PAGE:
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FDA Grants Orphan Drug Status for ALS Candidate

Neuron illustration (NIH)

(National Institute on Aging, NIH)

BrainStorm Cell Therapeutics Inc. in Petach Tikvah, Israel says the U.S. Food and Drug Administration (FDA) has granted orphan drug designation to the company’s NurOwn adult stem cell product candidate for the treatment of amyotrophic lateral sclerosis (ALS), also known as Lou Gehrig’s Disease. ALS is a progressive neurodegenerative disease of nerve cells in the brain and spinal cord; some 5,600 people in the U.S. are diagnosed with ALS each year.

The NurOwn technology processes adult human mesenchymal stem cells that are present in bone marrow and are capable of self-renewal as well as differentiation into many other cell types. The research behind the technology was among the first to differentiate adult bone marrow cells into cells capable of releasing neurotrophic factors, proteins important to the health of the mature nervous system.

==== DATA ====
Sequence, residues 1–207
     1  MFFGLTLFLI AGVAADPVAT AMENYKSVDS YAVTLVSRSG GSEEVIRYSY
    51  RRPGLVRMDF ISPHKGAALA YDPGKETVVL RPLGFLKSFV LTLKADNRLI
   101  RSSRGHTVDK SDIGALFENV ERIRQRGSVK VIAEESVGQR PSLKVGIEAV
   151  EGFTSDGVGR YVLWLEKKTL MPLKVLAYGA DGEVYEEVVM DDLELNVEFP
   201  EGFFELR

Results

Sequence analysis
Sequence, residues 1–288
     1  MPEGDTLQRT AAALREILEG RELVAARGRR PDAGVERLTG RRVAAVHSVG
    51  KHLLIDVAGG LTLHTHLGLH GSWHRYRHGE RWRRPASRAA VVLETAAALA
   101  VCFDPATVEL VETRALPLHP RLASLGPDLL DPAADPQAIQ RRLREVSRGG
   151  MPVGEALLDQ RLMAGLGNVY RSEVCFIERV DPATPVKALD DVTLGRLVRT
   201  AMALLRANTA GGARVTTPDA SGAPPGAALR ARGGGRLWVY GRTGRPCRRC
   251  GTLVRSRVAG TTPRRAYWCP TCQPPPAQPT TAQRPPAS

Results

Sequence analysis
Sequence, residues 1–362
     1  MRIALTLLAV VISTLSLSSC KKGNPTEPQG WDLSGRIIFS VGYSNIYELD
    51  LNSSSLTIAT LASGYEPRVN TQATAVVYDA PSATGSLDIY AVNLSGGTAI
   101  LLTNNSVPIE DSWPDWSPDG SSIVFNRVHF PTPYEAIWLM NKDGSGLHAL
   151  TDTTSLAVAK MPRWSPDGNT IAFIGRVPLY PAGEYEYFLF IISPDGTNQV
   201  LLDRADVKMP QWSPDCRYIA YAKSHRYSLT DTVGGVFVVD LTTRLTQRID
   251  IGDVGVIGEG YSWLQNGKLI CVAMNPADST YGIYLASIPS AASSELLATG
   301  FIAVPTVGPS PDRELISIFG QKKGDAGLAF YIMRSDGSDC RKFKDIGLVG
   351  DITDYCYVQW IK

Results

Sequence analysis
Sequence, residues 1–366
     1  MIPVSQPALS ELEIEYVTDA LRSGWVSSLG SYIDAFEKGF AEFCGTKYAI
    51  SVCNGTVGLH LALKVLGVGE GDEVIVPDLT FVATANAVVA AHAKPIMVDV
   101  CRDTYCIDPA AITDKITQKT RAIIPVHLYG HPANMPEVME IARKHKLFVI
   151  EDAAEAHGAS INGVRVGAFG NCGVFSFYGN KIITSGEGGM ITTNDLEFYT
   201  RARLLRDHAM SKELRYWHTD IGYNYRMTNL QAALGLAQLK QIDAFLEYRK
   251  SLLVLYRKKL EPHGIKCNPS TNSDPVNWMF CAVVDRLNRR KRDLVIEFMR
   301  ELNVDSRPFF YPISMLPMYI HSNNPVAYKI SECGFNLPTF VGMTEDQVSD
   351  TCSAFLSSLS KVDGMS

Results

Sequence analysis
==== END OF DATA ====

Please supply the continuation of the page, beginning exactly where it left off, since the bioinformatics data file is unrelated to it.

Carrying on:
Orphan drug designation, as granted by the Orphan Drug Act, is for a product to treat a rare disease or condition that affects fewer than 200,000 people in the U.S. Orphan drug designation qualifies the sponsor of the product for tax credits and seven years of marketing exclusivity, among other benefits.

BrainStorm Cell Therapeutics credits the research behind the NurOwn technology to studies conducted at Tel Aviv University. The company says it acquired the rights to develop and commercialize the technology through an exclusive, worldwide licensing agreement with the university’s technology transfer unit.

Read more: Trial Shows Drug Effect on ALS Blood Biomarker

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